Poor Tom's Revenge
reviewed by Frances Thompson in The Journal #7

ISSN 1466-5220

POOR TOM'S REVENGE, Brian Fewster.
Poor Tom's Press, 89a Winchester Ave, Leicester LE3 1AY
36 pp., A5, 2002 (wrong ISBN given)

..."liver-spotted sheets / whose names, like flies dismembered on the page, / still stir and almost coalesce to faces." I don't know when I've read a more striking evocation of the choking experience of going through old family papers - the past, our once potential selves, reaching out to touch us: "Those that we might have been hungrily watch us / crumble and waste the lives they might have had." Churchill's Black Dog of depression enters the space created by the might-have-been.

Fewster understands about rhyme and metre, and is a master of form. "Time Out", which opens the collection, has rightly been lauded by New Hope International as showing "almost supernatural clarity". What I like about the poem, as well as its clear shape and perfect rhyme, is the way in which its form echoes its content (or vice versa). In the second stanza, for example: "You seem to walk on water, I when through the midday heat I your spiralling reflection I ripples beneath your feet." Without disrupting the overall metre, the fourth line inverts its beat on "ripples", jolting the rhythm slightly, making those ripples ripple. Rhythm is manipulated in a parallel way in the next verse: "The boats upon their hawsers I feel a receding tide" but the effect here is to stretch and slow the line, making the long homophonic vowels of 'feel' and 'receding' pull away with the tide.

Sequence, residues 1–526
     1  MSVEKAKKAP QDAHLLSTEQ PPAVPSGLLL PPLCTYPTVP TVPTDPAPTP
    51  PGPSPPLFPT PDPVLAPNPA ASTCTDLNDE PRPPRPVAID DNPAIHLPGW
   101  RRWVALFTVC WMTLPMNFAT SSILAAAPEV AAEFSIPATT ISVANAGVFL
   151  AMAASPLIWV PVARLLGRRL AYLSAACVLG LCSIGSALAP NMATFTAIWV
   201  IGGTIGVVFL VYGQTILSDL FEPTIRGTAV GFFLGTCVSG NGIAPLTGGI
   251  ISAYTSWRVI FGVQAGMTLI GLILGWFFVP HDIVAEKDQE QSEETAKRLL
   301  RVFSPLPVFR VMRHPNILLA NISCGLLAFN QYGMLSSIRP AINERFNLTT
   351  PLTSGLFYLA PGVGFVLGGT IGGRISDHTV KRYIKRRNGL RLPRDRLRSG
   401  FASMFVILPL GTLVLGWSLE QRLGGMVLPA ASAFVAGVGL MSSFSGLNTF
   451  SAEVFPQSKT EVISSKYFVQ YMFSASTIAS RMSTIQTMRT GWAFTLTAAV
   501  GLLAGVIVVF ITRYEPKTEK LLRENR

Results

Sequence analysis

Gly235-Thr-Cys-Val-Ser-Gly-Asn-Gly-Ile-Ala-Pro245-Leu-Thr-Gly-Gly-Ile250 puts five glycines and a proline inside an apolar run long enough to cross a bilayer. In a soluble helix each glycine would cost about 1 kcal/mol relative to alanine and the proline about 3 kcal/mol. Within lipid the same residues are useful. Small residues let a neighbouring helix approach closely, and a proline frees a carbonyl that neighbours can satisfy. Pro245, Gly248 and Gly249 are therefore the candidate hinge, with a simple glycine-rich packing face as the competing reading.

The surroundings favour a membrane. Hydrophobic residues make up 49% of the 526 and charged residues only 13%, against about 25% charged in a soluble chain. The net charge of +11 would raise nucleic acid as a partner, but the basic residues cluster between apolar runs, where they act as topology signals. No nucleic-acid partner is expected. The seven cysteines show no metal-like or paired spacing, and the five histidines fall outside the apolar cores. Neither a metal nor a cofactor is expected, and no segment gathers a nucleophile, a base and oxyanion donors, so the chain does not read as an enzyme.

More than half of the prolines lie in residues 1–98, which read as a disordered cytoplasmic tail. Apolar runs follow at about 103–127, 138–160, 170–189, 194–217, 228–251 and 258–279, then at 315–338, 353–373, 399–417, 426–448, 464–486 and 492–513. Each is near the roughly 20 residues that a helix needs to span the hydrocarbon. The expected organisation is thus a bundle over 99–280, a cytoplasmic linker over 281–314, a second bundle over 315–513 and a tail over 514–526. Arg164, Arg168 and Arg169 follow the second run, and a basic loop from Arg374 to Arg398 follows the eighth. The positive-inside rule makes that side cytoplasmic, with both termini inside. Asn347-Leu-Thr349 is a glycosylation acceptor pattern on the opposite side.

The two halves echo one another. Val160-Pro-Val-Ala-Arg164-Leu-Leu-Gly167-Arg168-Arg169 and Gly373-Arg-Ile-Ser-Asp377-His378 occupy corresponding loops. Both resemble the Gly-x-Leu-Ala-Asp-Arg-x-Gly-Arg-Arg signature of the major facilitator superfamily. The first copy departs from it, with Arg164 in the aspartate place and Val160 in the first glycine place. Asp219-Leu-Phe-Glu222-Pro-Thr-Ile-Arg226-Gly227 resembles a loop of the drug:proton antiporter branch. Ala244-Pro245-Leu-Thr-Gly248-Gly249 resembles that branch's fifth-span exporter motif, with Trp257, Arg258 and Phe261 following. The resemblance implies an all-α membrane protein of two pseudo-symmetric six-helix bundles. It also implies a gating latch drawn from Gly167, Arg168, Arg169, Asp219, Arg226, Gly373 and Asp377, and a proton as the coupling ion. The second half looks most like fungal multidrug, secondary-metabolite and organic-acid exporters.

Fewster's sequence of seven sonnets on the Deadly Sins are cleverly done, with not a little irony, and the kind of humour where you find yourself smiling in recognition. In "The Maker", Fewster has produced a happy pastiche of Chaucer. As Tessa Ransford reminds us in an interview in Poetry Salzburg Review.., the word 'maker' is related to the word 'poet', both having the same Greek derivation. In Fewster's romp with Chaucer, the 'maker', or 'poet' wants to popularise poetry by putting "a fyr-werke up its ers". Great stuff.

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